UPS plans to end benefit pension plans for non-union employees by 2023. What does this mean for the future of pension plans?
The United Parcel Service (UPS) officially froze its defined pension plan for non-union employees. This move would affect approximately 70,000 employees. SEC filings indicate that UPS plans to move them into the company's defined contribution plan going forward.
This is arguably a smart, cost-cutting measure for UPS. According to the company's most recent annual report, the pension plans recorded a $9.85 billion deficit at the end of 2016. UPS is still concerned with employee financial health, amending its 401(k) plan to be more inclusive of employees. Ineligible non-union US-based employees will now receive retirement contributions.
Non-union employees can expect to see the cease of accruals to their defined benefit pension plans starting in 2023. According to reports, unionized employees, such as the drivers and delivery workers, will not be affected by this change.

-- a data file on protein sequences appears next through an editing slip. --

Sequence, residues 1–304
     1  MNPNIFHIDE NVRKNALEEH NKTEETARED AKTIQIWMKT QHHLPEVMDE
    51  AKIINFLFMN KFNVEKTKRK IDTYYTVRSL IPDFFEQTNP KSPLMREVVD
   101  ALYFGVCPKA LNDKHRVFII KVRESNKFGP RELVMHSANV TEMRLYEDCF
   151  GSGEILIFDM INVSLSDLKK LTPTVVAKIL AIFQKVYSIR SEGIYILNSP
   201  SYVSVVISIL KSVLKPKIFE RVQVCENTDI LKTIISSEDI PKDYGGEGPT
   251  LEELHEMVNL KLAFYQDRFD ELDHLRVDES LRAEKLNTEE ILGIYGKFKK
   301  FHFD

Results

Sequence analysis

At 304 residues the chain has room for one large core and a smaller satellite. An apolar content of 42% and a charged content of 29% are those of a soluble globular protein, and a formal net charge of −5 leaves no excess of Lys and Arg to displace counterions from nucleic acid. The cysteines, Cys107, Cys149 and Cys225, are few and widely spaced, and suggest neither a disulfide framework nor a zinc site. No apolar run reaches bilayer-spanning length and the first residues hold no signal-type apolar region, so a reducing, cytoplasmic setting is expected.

Defined benefit pensions are seen, more and more, as a risk to company solvency. According to a survey done by Willis Tower Watson in 2014, only 2% of HR and pension specials plan to keep pensions open to new entrants to their companies. A staggering 73% of those surveyed said they planned on freezing their plans to future accrual within the next five years. Those survey results are looking pretty accurate. UPS joins an ever-growing contingent of companies that are freezing or phasing out contributions to pension plans. L.L. Bean and DuPont have both announced this year that their pension plans will be frozen by 2018. Dartmouth-Hitchcock is looking at December 2017 as their end date and AIG and Lockheed Martin successfully froze their plans in 2016.
What do you think this means for the future of defined benefit pension plans? Sound off in the comments below or tweet us @ConnexInv.